Saab administrator Guy Lofalk had said earlier this month that more than 20 buyers were interested in the loss-making brand, but sources said that number had now been whittled down to “the most serious investors.”
Paul Åkerlund, chairman of the works council and a member of the company’s supervisory board, told AFP on Wednesday that “between 10 and 12” were still involved in the talks and a deal was expected to be reached within two months.
“The plan is still at the end of June to have this all resolved and hopefully have a new owner for Saab,” he said, warning that any new owner should not cut jobs in Sweden and relocate production elsewhere.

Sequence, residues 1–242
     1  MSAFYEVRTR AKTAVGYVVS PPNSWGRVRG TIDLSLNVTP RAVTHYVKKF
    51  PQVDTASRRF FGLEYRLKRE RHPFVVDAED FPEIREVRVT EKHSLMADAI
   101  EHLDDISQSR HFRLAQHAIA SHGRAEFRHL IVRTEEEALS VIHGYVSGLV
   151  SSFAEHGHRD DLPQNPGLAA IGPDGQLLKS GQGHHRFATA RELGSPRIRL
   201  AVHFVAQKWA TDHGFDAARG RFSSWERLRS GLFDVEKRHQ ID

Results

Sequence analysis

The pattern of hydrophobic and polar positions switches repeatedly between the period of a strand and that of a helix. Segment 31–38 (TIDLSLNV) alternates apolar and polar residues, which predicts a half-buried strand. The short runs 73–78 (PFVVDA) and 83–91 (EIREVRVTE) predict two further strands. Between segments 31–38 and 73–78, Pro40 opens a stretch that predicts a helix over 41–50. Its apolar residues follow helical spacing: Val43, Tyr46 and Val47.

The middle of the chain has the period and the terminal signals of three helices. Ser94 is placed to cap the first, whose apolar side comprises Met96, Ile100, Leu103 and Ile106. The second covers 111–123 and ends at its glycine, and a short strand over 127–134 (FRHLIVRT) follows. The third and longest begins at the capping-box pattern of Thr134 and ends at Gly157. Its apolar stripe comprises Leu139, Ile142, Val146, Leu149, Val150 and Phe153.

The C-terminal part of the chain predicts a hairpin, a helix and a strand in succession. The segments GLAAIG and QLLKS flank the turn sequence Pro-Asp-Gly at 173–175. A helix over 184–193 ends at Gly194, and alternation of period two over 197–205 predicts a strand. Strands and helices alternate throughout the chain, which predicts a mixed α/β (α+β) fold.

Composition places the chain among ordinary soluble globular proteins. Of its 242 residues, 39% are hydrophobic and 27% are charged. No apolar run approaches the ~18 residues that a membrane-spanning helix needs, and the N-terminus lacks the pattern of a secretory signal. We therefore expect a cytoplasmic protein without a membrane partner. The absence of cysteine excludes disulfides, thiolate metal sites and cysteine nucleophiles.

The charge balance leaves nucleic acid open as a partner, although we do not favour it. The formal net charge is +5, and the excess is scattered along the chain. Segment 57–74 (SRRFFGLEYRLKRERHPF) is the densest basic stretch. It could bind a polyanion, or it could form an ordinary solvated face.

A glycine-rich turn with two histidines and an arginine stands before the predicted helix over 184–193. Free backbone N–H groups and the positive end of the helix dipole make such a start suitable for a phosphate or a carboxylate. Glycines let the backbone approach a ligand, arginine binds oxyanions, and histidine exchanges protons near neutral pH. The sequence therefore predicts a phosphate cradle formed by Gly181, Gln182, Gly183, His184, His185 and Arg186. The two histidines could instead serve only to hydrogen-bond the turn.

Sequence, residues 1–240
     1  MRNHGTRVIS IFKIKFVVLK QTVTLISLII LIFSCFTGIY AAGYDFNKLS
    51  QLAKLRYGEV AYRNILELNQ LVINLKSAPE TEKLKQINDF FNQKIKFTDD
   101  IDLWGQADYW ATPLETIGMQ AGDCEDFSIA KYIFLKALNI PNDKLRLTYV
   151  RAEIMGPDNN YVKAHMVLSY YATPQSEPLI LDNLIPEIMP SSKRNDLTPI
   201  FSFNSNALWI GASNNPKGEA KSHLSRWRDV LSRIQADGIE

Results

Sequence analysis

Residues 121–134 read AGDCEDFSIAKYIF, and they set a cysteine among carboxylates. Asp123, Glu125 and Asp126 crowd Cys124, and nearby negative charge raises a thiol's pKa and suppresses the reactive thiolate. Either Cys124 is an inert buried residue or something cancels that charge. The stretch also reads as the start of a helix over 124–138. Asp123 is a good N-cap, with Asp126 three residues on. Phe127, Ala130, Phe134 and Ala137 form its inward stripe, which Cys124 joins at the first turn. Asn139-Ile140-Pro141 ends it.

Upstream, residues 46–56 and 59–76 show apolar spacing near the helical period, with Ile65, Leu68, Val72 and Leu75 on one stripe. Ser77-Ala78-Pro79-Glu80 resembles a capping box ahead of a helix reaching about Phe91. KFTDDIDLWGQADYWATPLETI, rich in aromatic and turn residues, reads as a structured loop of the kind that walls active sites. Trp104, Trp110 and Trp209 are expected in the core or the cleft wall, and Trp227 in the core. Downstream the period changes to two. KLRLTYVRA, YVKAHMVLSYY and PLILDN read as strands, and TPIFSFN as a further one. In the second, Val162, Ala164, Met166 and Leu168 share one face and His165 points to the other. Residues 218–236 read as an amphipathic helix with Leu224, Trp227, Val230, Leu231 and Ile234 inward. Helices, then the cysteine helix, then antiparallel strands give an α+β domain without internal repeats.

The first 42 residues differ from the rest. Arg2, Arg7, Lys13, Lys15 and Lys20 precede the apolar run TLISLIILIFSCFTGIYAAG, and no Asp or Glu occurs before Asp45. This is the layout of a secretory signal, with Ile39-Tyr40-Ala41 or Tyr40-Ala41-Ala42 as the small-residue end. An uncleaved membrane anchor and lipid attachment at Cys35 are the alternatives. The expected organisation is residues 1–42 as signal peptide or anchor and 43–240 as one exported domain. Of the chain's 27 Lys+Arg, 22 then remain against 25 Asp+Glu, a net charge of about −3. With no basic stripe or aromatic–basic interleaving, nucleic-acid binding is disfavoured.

Without giving a figure for the number of buyers, Saab spokesman Joe Oliver said: “We are talking to a smaller number of potential investors at the moment. We are confident now that we are talking to the most serious investors.”
Both sources said the potential buyers have been visiting Saab’s Trollhättan headquarters in western Sweden to present their business plans for the automaker.
General Motors wants to dispose of the unprofitable Saab by the end of the year in a bid to shore up its own balance sheet hit by the economic crisis.
Saab employs about 4,100 people in Sweden. Including suppliers, some 15,000 jobs in the country are believed to be at risk if the unit disappears.